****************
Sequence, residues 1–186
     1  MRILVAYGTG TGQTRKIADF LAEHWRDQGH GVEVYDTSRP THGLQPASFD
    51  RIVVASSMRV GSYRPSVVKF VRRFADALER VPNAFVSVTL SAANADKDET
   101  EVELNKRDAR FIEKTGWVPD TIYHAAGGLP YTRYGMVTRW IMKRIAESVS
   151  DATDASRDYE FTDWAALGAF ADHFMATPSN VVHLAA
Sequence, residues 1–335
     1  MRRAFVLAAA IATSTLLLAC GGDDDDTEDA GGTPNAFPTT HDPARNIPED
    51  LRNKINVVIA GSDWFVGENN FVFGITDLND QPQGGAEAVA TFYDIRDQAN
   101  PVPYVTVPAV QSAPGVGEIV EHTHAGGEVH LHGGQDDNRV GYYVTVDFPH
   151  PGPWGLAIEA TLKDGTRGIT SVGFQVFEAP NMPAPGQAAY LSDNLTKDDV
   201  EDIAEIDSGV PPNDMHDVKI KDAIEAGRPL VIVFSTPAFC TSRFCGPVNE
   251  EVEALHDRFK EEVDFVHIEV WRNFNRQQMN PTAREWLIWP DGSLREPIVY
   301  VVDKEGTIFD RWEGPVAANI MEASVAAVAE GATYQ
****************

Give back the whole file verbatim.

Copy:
Sequence, residues 1–186
     1  MRILVAYGTG TGQTRKIADF LAEHWRDQGH GVEVYDTSRP THGLQPASFD
    51  RIVVASSMRV GSYRPSVVKF VRRFADALER VPNAFVSVTL SAANADKDET
   101  EVELNKRDAR FIEKTGWVPD TIYHAAGGLP YTRYGMVTRW IMKRIAESVS
   151  DATDASRDYE FTDWAALGAF ADHFMATPSN VVHLAA
Sequence, residues 1–335
     1  MRRAFVLAAA IATSTLLLAC GGDDDDTEDA GGTPNAFPTT HDPARNIPED
    51  LRNKINVVIA GSDWFVGENN FVFGITDLND QPQGGAEAVA TFYDIRDQAN
   101  PVPYVTVPAV QSAPGVGEIV EHTHAGGEVH LHGGQDDNRV GYYVTVDFPH
   151  PGPWGLAIEA TLKDGTRGIT SVGFQVFEAP NMPAPGQAAY LSDNLTKDDV
   201  EDIAEIDSGV PPNDMHDVKI KDAIEAGRPL VIVFSTPAFC TSRFCGPVNE
   251  EVEALHDRFK EEVDFVHIEV WRNFNRQQMN PTAREWLIWP DGSLREPIVY
   301  VVDKEGTIFD RWEGPVAANI MEASVAAVAE GATYQ